Standards and policies related to the provision of culturally and linguistically appropriate services are designed to prevent these outcomes, thereby protecting our most vulnerable populations, including newborns. Advancing adoption of the CLAS policies, standards, and services can assist by preventing the unnecessary, negative health outcomes that can occur due to failed communication and inconsideration of an individual’s cultural needs.
HCB: You have called CLAS a “social justice and economic imperative for health care organizations.” Can you elaborate?
Ogbolu: From a social justice perspective, there is a moral imperative to respond to the growing diversity in America, improve health disparities, reduce patient errors due to communication challenges, and improve patient-reported experiences with care. Some organizations view the provision of patient-centered and culturally competent care as a corporate social responsibility and have high value for social justice within their missions.
However, for other organizations, social justice alone is insufficient as a rationale for providing culturally and linguistically appropriate services. We need to clearly identify and articulate the economic benefits of adopting CLAS to encourage institutions to adopt them. To start, the provision of CLAS minimizes lost revenue due to failed adherence to regulatory and legislative mandates. They also reduce litigation from malpractice suits related to patient errors and failed communication.
Additionally, case studies of health care organizations show increased revenue from serving more diverse patients in their local communities. I believe this is an area that needs to be further investigated so that organizations can better understand the importance of CLAS from both the business and the social justice perspectives.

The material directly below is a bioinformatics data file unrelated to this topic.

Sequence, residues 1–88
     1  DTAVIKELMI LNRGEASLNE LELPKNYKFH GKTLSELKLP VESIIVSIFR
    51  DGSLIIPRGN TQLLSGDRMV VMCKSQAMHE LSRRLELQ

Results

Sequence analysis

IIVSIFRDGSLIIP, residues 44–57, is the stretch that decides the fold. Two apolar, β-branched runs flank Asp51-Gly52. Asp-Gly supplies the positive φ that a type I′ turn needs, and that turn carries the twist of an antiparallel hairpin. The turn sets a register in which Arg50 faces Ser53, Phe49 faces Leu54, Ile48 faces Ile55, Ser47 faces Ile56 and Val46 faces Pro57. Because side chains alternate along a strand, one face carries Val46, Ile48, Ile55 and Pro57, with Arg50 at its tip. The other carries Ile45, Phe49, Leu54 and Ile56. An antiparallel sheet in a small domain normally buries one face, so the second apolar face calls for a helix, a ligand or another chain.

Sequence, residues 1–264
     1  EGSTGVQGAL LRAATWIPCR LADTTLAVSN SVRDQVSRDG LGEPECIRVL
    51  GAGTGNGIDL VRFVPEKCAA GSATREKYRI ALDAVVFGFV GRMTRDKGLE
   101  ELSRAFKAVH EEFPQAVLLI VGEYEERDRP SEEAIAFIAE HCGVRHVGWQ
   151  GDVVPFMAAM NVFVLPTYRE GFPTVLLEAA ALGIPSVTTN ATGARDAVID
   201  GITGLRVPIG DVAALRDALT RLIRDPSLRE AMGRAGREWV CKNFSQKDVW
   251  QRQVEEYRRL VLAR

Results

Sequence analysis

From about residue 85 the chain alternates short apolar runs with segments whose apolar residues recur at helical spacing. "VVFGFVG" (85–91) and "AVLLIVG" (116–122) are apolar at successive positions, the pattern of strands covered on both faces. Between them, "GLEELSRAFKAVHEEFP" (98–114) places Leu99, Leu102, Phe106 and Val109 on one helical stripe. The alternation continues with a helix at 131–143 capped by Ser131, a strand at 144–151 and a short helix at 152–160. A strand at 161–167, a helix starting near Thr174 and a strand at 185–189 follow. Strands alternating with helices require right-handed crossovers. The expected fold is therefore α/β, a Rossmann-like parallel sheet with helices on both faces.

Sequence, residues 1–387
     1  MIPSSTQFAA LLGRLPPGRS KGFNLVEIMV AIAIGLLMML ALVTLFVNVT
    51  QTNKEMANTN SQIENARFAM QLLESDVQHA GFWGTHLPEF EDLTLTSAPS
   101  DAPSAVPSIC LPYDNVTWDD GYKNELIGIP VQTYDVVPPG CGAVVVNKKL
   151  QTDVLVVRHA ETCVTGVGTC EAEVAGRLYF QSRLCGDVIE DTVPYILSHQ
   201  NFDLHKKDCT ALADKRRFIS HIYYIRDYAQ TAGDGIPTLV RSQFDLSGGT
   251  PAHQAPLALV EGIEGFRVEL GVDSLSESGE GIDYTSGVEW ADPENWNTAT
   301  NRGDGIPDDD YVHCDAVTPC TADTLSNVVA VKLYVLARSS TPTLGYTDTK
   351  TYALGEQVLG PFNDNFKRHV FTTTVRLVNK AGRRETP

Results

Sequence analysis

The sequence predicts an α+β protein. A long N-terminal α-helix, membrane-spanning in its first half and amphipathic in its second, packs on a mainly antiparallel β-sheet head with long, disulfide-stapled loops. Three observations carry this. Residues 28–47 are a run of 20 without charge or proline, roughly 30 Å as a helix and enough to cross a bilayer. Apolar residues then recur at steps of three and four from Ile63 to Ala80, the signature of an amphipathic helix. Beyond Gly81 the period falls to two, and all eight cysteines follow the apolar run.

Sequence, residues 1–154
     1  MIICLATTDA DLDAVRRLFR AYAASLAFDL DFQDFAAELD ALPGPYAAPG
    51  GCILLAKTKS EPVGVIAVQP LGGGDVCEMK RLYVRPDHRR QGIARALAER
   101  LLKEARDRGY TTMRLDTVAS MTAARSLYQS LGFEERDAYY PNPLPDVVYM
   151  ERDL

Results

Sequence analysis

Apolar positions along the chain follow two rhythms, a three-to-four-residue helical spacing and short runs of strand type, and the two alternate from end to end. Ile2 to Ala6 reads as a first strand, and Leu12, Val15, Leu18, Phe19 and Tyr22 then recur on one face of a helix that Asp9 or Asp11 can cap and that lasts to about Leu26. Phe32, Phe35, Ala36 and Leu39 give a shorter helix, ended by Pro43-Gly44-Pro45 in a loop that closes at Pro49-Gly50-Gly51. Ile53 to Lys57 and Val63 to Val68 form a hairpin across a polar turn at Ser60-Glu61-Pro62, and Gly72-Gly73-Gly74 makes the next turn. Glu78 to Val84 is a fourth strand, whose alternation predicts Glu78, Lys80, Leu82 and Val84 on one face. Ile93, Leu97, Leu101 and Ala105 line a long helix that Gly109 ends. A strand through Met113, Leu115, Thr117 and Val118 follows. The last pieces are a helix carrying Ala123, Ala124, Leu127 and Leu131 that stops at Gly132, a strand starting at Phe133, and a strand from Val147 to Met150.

HCB: Can you put the problem in context for us? In your experience, do most health care providers have the training to deliver culturally and linguistically competent care? If not, in what ways should training be improved?
Ogbolu: All health care providers receive training to deliver culturally and linguistically appropriate care as part of their pre-service education. In fact, nearly every discipline has its own set of cultural competencies that must be delivered in the educational curricula. Some institutions offer a required course on the subject, while others integrate the training into other courses or offer training as an elective, which may not allow students sufficient time to delve into it.
At UMB, students rapidly fill an elective, stand-alone course that I teach, indicating that students are enthusiastic about the training when offered the opportunity to participate. After basic educational programs, providers continue their training through annual continuing education, which is offered by most health care organizations and professional regulatory bodies. These annual provider trainings are often mandated and offer opportunities for long-term learning.
But improvements in training for health care providers are needed. Practitioners today enter the field with improved knowledge from their pre-service education, yet many providers who have been in practice for longer periods have not had the same opportunities to receive training in the provision of culturally and linguistically appropriate care.
Further, annual cultural competency training, in some instances, has become more of a ritual than a true mechanism to transform practice. Innovative teaching and training strategies that translate and implement the training into actual practice settings are needed to ensure that equitable and culturally competent care becomes part of routine clinical practice. Reviewing actual patient cases regularly and engaging members of the community to tell their own stories may be an important first step. Simulation and patient actors are additional measures we employ at UMB to train nurses using real-life applications.
Importantly, all employees in the health care setting, not only direct health providers, need training so that patients can receive appropriate care from the receptionist at the front desk to the health provider in the home care environment. Recently, the Maryland Office of Minority Health and Health Disparities (MHHD), along with the University of Maryland, developed the Cultural Competency and Health Literacy Primer: A Guide for Teaching Health Professionals and Students.” The free resource guide provides more than 200 tools through Web links to sample course curricula, self-guided learning resources, case studies, and clinical application resources.